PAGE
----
TORONTO, August 26, 2010 - Registered nurses in Ontario are eager to work with Dr. Jeff Turnbull, the new president of the Canadian Medical Association (CMA) to strengthen our publicly-funded and not-for profit health-care system by improving access, and making it more patient-centred and cost-efficient.
David McNeil, president of the Registered Nurses’ Association of Ontario (RNAO), says nurses are pleased that during his inaugural address Turnbull explicitly endorsed the principles of the Canada Health Act and stated that he understands its importance to Canadians. McNeil adds that it is now up to Turnbull to ensure that CMA’s policies and values – not only his own – are aligned with the Canadian public.
In an Ipsos Reid poll commissioned by the CMA and released this week, 75 per cent of Canadians gave the overall quality of health-care services a grade of A or B, up from 74 per cent in 2009 and 73 per cent in 2008. “Turnbull was very accurate when he said that ‘public health care forms the bedrock of our system of Canadian values,’ ” says McNeil.
“Nurses are also encouraged that Turnbull, who provides clinical care to Ottawa’s homeless population, deeply understands the impact that social determinants such as poverty, housing and nutrition have on people’s health. We are ready to collaborate with Turnbull and other physicians to make equity and social justice in Canada a reality,” says Doris Grinspun, Executive Director of RNAO.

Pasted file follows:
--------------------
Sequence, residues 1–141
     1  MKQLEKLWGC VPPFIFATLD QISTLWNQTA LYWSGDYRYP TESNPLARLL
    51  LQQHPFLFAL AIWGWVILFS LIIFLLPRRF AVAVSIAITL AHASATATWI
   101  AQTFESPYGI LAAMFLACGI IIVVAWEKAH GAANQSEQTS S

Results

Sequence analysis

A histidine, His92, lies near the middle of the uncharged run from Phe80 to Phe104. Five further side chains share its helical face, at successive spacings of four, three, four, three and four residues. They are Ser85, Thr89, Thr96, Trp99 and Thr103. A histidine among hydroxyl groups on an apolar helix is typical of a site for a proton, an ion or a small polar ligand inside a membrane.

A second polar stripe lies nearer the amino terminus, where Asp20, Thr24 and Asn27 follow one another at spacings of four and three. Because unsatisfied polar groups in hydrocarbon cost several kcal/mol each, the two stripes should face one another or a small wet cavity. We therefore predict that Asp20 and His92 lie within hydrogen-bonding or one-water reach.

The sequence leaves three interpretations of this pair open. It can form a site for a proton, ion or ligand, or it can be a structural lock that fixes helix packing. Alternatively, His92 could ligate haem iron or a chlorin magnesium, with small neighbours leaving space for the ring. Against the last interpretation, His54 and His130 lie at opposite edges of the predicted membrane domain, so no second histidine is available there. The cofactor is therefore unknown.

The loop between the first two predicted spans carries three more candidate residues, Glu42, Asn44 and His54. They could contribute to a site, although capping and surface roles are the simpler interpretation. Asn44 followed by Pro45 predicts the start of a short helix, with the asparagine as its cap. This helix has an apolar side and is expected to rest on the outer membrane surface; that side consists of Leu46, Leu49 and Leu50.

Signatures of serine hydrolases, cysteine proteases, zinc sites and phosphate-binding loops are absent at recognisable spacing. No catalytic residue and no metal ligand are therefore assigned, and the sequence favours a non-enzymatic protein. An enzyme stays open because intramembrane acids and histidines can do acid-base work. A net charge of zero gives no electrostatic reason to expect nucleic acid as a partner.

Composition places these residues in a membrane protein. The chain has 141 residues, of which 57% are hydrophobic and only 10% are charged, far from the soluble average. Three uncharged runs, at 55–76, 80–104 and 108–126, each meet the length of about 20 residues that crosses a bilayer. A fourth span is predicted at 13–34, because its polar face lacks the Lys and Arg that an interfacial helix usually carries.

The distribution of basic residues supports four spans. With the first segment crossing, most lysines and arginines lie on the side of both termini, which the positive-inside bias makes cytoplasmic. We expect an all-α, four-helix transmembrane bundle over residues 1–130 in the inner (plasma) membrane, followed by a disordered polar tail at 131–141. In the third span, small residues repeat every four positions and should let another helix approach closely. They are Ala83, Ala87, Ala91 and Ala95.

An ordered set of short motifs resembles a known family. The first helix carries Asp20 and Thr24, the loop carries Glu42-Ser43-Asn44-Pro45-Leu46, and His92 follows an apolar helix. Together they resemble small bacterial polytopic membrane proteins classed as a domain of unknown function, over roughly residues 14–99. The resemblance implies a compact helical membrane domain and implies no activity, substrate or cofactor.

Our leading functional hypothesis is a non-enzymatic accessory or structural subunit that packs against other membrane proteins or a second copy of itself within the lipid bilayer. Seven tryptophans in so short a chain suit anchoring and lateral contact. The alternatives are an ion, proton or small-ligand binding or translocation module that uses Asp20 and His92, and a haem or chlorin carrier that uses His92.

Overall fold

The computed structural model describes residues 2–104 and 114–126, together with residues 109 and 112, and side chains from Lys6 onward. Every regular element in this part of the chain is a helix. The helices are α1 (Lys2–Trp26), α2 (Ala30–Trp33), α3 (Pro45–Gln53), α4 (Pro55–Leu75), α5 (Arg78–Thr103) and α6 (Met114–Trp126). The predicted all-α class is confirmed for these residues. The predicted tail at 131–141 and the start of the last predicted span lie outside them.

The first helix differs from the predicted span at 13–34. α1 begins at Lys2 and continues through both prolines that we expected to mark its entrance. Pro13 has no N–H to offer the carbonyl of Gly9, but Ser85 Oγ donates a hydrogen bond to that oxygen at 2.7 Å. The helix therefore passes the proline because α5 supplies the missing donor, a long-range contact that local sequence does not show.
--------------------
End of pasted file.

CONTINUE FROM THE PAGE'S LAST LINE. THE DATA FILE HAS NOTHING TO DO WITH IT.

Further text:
Grinspun states that by focusing on common principles and values, nurses and physicians can become a powerful force for positive system improvements. “Together we can fully utilize the knowledge, skills and competencies of all health professionals to optimize patient, organization and system outcomes,” says Grinspun, adding that Turnbull’s priority to move from a narrow focus on acute care to modern, progressive solutions in areas such as chronic care, long-term care and home-based care is shared by nurses. “These, as well as primary health care and national pharmacare, are areas we must strengthen as partners,” says Grinspun.
The Registered Nurses’ Association of Ontario (RNAO) is the professional association representing registered nurses wherever they practise in Ontario. Since 1925, RNAO has lobbied for healthy public policy, promoted excellence in nursing practice, increased nurses’ contribution to shaping the health-care system, and influenced decisions that affect nurses and the public they serve.
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